Hospitalizations On The Rise Due To Cantaloupe Outbreak

According to health authorities in both the US and Canada, a cantaloupe recall wasn’t soon enough to prevent hundreds of salmonella illnesses and the deaths of at least eight individuals, three in each country.

As of mid-November, 230 people in 38 states throughout the US have reported being unwell after consuming the contaminated melons, according to the CDC. At least 96 people have been admitted to the hospital.

In late November, Cut Fruit Express recalled fruit mixes that included cantaloupe; on December 5, specific fresh-cut fruit cups, clamshells, and tray products containing cantaloupe from TruFresh were recalled.

Since November, authorities at the federal and state levels have been looking into a salmonella epidemic associated with Mexican cantaloupe. No one should consume pre-cut cantaloupe without first verifying the fruit’s origin.

Since October, hundreds of individuals have contracted one of the salmonella types responsible for the epidemic.

The CDC has warned that the actual number of ill individuals is probably much more than what is being reported since there has been an upsurge in hospitalizations and not everyone tested for salmonella has yet been identified as part of the outbreak.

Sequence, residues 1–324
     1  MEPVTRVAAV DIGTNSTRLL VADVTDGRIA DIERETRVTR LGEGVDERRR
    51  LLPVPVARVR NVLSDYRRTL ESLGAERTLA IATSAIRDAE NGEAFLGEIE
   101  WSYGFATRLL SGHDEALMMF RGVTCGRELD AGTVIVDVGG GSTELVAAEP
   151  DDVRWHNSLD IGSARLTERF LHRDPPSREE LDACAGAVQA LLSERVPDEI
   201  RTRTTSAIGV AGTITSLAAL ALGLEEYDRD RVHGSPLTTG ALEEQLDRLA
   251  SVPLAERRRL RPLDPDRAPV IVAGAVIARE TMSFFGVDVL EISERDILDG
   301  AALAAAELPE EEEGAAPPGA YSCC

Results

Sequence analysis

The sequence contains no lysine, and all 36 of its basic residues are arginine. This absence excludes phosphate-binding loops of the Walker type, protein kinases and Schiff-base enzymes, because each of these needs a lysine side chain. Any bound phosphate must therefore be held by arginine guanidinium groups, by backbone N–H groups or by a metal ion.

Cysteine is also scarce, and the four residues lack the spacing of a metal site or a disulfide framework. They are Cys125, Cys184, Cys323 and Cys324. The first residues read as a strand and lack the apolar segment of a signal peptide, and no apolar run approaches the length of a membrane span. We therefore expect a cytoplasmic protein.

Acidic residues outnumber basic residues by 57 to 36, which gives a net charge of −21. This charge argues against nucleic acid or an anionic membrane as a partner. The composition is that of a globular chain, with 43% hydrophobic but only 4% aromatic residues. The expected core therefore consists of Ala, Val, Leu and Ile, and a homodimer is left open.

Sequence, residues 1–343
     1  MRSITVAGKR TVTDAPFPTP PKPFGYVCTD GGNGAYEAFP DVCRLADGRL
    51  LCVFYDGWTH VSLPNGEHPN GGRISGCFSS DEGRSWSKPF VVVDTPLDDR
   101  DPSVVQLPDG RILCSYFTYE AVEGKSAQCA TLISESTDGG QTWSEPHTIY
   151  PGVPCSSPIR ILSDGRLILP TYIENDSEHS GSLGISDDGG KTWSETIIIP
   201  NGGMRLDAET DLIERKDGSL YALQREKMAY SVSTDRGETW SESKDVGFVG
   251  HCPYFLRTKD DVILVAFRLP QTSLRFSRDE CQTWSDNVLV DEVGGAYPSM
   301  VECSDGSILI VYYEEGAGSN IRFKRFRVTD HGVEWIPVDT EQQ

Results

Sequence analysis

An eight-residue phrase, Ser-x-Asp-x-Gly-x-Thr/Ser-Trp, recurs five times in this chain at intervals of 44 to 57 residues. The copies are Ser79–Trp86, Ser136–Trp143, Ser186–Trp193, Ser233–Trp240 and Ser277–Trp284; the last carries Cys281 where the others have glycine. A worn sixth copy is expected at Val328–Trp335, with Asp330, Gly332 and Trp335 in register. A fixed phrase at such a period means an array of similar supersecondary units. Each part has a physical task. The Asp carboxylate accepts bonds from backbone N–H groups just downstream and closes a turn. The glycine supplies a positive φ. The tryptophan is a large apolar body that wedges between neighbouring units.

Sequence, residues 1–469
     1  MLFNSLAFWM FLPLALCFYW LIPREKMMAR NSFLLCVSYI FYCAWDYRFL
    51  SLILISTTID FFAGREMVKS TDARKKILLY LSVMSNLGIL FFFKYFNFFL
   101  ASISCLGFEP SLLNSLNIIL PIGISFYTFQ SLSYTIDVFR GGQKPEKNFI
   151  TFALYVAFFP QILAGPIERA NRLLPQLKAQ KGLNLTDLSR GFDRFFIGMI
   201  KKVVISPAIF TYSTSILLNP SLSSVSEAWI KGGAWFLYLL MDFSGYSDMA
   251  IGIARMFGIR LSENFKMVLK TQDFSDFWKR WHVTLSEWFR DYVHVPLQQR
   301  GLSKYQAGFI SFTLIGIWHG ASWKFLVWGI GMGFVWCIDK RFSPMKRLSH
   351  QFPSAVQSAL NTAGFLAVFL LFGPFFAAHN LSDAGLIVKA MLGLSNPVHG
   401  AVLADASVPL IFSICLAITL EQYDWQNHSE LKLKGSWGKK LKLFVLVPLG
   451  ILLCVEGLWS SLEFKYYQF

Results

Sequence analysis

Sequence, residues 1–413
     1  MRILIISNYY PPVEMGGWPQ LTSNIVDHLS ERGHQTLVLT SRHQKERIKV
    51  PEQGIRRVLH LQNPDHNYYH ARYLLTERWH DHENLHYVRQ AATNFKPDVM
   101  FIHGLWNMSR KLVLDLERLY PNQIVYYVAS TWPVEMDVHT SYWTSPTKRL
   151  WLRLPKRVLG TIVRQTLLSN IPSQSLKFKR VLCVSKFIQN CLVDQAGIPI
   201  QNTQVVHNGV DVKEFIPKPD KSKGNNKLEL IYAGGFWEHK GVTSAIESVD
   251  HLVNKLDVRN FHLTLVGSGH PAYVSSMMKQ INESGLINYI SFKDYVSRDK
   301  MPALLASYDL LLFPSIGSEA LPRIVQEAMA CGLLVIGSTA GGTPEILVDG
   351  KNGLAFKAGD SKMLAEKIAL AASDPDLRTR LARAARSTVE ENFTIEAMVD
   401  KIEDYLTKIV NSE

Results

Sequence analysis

Cut Fruit Express recalled cantaloupe pieces and fruit combinations containing cantaloupe in early December. There was also a recall of TruFresh cantaloupe-containing fresh fruit cups, clamshells, and trays by TGD Cuts LLC.

On November 15th, all fresh cantaloupes sold between October 31 and November 9th this year, with the labels “Malichita” or “Rudy,” were recalled by Sofia Produce LLC, also known as Trufresh.To this day, health authorities have not established a causal relationship between the ailments and other items.

Among the many unpleasant symptoms that salmonella may induce are cramps, nausea, diarrhea, fever, and fever. Particularly in young children, the elderly, and those with weakened immune systems, it may be deadly in extreme instances.